Now, hockey does differ from most NCAA sports in the average age of freshmen, but it differs from most NCAA sports in a lot of other ways, too. Major league draftees don't lose eligibility. The aforementioned lack of "all sports conferences." The season length is longer. And of course, the sheer number of "play-up" teams. These are all by-products of college hockey's long-term niche presence and the nature of youth and junior hockey structures.

The Big Ten's excuse for all of this is that they're simply trying to bring hockey closer to being in line with the rest of the NCAA, even though it would be completely unacceptable to require recruits to be on campus immediately after they graduate high school. And why is that? What's the rationale?

We wrote five years ago about the recruiting game and how the NHL was changing things. The NCAA is becoming an ever increasing route for players to reach the pros - more than 30% of NHL players are NCAA alums now, as opposed to just over 20% a decade ago, and far less a decade before that. There was a time that even the very best players would stay for their entire four-year college career before jumping to the NHL. Today, pro contracts can frequently be in the offing even for guys that aren't likely to get a whole lot of ice time at the highest level, to say nothing of the blue-chip prospects.

Ironically, when we wrote that, we were expecting Brandon Pirri and Jerry D'Amigo to return to Troy for their sophomore seasons - and they didn't. So schools like RPI aren't looking for the Pirris and D'Amigos anymore. They're looking for the Chase Polaceks and Nick Bailens. It's the Mat Bodies and Jesse Roots of the world that are winning national championships. It's guys that are staying in college, finishing their education, and playing for four years that are powering the best teams in the country.

Most players who are playing in juniors into their early 20s aren't going to be NHL prospects - if they were, they'd have been pushed to college already, or headed off to major junior. But these players are also far more likely to graduate one day - which is supposed to be the point first and foremost.

Now, does this proposal explode the system? Not entirely. Players are still going to be able to mature in juniors for a couple of seasons before coming to college. But it stinks for a number of reasons, not the least of which is the underhanded way the Big Ten went about doing this. They are trying to ram it through with a vote among college administrators of whom a majority doesn't care a lick about hockey (which should sound familiar if you remember the Prop 65 battle a decade ago). They're doing it over the protestations of the vast majority of college hockey coaches (who opposed the measure 49-11 in a straw poll of all 60 of them), and probably worst of all, it skews things more in the favor of the schools that already have a lot of the advantages when it comes to recruiting in the first place.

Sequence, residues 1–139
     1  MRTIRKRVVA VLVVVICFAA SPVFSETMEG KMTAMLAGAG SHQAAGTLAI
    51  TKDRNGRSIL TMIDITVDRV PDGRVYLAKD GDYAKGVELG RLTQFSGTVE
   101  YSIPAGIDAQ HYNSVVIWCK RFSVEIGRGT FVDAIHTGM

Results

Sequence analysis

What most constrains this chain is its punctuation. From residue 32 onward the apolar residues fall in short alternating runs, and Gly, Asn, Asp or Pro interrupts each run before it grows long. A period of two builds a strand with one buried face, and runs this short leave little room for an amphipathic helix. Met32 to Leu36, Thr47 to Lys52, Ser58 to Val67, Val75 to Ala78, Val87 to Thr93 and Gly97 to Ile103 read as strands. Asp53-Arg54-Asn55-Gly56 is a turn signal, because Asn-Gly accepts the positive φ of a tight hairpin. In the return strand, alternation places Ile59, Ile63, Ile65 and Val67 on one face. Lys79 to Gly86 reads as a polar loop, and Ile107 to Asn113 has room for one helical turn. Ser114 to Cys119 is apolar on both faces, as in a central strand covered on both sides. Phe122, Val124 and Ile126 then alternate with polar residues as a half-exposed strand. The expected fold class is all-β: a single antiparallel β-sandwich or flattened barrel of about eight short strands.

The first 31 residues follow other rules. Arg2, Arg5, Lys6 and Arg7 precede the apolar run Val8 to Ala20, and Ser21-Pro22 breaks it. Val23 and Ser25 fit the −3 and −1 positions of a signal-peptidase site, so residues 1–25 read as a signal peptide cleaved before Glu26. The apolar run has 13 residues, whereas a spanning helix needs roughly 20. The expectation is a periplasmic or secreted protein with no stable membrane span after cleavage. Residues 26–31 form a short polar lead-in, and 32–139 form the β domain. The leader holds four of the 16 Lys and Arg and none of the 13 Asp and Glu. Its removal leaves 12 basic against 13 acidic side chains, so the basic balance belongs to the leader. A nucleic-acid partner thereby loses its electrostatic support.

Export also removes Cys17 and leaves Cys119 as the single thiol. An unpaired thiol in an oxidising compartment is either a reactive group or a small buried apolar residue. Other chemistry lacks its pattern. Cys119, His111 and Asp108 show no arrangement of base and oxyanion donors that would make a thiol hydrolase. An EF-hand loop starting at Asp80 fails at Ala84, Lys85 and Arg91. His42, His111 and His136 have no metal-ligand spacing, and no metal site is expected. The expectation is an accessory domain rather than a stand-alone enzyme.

Yes, these same institutions who don't bat an eye at accepting the commitment of players not even old enough to drive - and sometimes not even old enough to be in high school - have a problem with RIT stocking their roster with 21-year-old Canadian freshmen. Hear that? That's the sound of the world's tiniest violin. Getting beat by 24 and 25 year olds? Why don't you recruit some 20 and 21 year old freshmen yourself? Seems reasonable enough. Instead of adapting, however, these schools just want to rig the game in their favor instead.

College hockey continues to change. Beyond the Big Ten, it started changing again last year when Arizona State decided to go varsity, a move which could well encourage more big money schools to do the same in parts of the country previously untouched by college hockey. It's good for the sport. But it brings with it the challenge of maintaining traditions. I always love to point out the 1996 national championship game between Michigan and Colorado College as a perfect example of what makes college hockey special - in any other sport, the Wolverines would easily crush the Tigers, but in hockey, the titan and the minnow can meet on equal terms. Perhaps the 2014 title game is an even better example - the minnow won.

But we risk losing that if legislation like this is allowed to go through, especially in the manner that the power schools are trying to accomplish it. And that would be a complete shame.

1 comment:

  1. I agree with your comments. Worse for the NCAA, it may push more 21 year-old student-athletes into the CIS, where they have five years eligibility (not three) and can play varsity hockey for their entire undergraduate degree, and even post-grad (e.g. UNB has a 5th year player in Law, one in MBA and one in Education).